The Orioles blew another game against the Yankees last night, but rookie Zach Britton was brilliant again, scattering 6 hits over 7 innings and allowing only one run, that unearned. His ERA of 2.14 is 5th best in the American League, and he has the 3rd highest WAR among AL pitchers. In the talk about Baltimore’s good young arms, Britton has gotten less ink than Brian Matusz and Chris Tillman; in the first two months of his big-league career, he’s outpitched both. Could he really be this good?
There are at least two reasons to think not. First, Britton doesn’t strike out anybody: just 5 K per 9 IP so far this year. Last year, the best ERA among pitchers with 5 or fewer strikeouts per 9 innings was Carl Pavano, at 3.75. It’s hard to pitch effectively without getting strikeouts. That suggests Britton’s been pretty lucky; and indeed, his BABIP right now is an unsustainably low .228. In other words, batters are hitting Britton’s pitches, but the balls haven’t been falling in for hits. That’s the kind of thing that au courant thinkiing tends to place outside a pitcher’s control.
And yet —
There’s another thing a pitcher controls totally, and that is not giving up home runs. And Zach Britton is very, very good at not giving up home runs. This year he’s given up just 4 in 60 innings of work. That’s a small sample size (league average rate would be 6 HR in that many innings) but it’s been his trademark throughout his professional career. In 103 minor league starts Britton gave up just 27 home runs.
If nobody homers off you, you can get away with a lot of singles and walks. Britton is not going to maintain a 2.14 ERA but I think there’s every reason to think he’ll be a legitimate front-of-the-rotation starter.
The less said about the end of the Yankee game, the better, but I’ll remark on one more bright spot — Mariano Rivera blew the save, continuing his record of mediocrity against the Orioles. His career ERA against Baltimore is 3.15, almost a full point higher than his overall ERA, and we’ve beaten him 8 times, more than any other team.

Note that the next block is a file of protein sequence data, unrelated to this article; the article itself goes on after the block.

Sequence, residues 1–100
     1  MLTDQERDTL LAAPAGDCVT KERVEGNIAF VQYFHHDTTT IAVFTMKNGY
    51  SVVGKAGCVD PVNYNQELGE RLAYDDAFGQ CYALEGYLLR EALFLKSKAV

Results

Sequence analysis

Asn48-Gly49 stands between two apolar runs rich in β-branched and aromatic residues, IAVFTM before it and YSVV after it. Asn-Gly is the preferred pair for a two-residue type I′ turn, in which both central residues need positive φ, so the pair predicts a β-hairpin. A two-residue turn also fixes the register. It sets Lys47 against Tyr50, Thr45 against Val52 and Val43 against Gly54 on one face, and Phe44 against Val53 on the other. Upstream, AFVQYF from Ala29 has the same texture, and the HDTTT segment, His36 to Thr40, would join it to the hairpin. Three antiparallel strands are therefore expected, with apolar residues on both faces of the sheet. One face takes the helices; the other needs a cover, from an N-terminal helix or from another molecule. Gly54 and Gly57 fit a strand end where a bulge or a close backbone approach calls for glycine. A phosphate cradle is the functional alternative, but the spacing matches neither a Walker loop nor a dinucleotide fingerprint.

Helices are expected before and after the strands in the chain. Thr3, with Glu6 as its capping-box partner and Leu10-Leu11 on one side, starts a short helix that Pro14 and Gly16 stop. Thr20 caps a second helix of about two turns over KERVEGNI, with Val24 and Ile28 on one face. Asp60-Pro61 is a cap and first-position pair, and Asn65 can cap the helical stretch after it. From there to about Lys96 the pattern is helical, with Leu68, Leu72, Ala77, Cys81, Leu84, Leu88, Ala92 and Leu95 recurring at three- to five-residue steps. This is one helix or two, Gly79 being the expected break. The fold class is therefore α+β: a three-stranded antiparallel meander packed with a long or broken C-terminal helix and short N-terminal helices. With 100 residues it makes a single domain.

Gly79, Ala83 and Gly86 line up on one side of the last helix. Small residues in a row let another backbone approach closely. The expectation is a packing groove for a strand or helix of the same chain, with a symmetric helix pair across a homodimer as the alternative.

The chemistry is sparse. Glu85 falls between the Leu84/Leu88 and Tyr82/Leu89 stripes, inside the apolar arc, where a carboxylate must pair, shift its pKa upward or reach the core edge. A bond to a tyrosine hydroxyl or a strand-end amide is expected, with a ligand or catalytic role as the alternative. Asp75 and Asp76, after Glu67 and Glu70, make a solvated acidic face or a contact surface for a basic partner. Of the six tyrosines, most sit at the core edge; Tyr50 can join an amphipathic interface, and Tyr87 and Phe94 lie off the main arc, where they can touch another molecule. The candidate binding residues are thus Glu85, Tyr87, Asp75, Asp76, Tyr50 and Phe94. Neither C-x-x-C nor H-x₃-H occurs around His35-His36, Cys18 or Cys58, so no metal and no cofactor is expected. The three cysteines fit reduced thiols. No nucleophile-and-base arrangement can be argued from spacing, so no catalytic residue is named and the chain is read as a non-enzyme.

There’s some degree of BABIP-type luck when it comes to HRs as well. Typically pitchers allow HRs on 10% or so of fly balls (I can’t remember the exact number off the top of my head). Britton has been a ground-ball pitcher so far (I have no idea if that’s how he profiled in the minors), so that helps him suppress HRs but he’s also had a bit of luck on balls hit on the air (7.8% HR/FB).
Hey, I didn’t know this about HR/FB! But you’re right, that does seem to be the conventional thinking. In any event, Britton is an extreme ground-ball pitcher now and always was in the minors, too. Even at 10% HR/FB he’d be quite strong at keeping the ball in the park. But yeah, it seems like HR/FB and BABIP are working in concert to make him look more impressive than he actually is.
Whatever. At least it’s not women in baseball ;-)
I agree that his BABIP is unsustainably low. It’s still early in the season, so we’re still dealing with small sample sizes, but the K rate offers some encouragement.
At least that’s what I tell myself when I watch Frank Francisco pitch. He managed to blow a save last night, and the saves he does get tend to give me heart attacks. He’s the new Kevin Gregg (at least for Blue Jay fans).